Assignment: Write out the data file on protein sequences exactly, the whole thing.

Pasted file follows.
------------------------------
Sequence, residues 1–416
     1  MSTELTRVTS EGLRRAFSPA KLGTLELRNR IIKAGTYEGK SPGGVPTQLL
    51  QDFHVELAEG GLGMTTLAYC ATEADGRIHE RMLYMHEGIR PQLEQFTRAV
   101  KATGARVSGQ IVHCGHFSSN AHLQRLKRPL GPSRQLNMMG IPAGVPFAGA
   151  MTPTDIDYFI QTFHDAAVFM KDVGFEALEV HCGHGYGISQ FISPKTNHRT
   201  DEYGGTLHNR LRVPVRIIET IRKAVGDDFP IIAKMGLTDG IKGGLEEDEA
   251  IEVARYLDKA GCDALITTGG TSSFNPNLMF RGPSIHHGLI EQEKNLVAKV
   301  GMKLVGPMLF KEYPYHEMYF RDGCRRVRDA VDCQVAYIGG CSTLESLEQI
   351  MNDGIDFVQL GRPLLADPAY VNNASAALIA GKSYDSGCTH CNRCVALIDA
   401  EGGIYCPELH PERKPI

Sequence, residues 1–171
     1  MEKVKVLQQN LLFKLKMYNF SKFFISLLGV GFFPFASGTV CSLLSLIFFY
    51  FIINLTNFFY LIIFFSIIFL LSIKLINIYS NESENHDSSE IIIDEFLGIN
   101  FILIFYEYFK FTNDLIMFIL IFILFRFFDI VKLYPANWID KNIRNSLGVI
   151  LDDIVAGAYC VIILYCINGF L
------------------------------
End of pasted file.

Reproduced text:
Sequence, residues 1–416
     1  MSTELTRVTS EGLRRAFSPA KLGTLELRNR IIKAGTYEGK SPGGVPTQLL
    51  QDFHVELAEG GLGMTTLAYC ATEADGRIHE RMLYMHEGIR PQLEQFTRAV
   101  KATGARVSGQ IVHCGHFSSN AHLQRLKRPL GPSRQLNMMG IPAGVPFAGA
   151  MTPTDIDYFI QTFHDAAVFM KDVGFEALEV HCGHGYGISQ FISPKTNHRT
   201  DEYGGTLHNR LRVPVRIIET IRKAVGDDFP IIAKMGLTDG IKGGLEEDEA
   251  IEVARYLDKA GCDALITTGG TSSFNPNLMF RGPSIHHGLI EQEKNLVAKV
   301  GMKLVGPMLF KEYPYHEMYF RDGCRRVRDA VDCQVAYIGG CSTLESLEQI
   351  MNDGIDFVQL GRPLLADPAY VNNASAALIA GKSYDSGCTH CNRCVALIDA
   401  EGGIYCPELH PERKPI

Sequence, residues 1–171
     1  MEKVKVLQQN LLFKLKMYNF SKFFISLLGV GFFPFASGTV CSLLSLIFFY
    51  FIINLTNFFY LIIFFSIIFL LSIKLINIYS NESENHDSSE IIIDEFLGIN
   101  FILIFYEYFK FTNDLIMFIL IFILFRFFDI VKLYPANWID KNIRNSLGVI
   151  LDDIVAGAYC VIILYCINGF L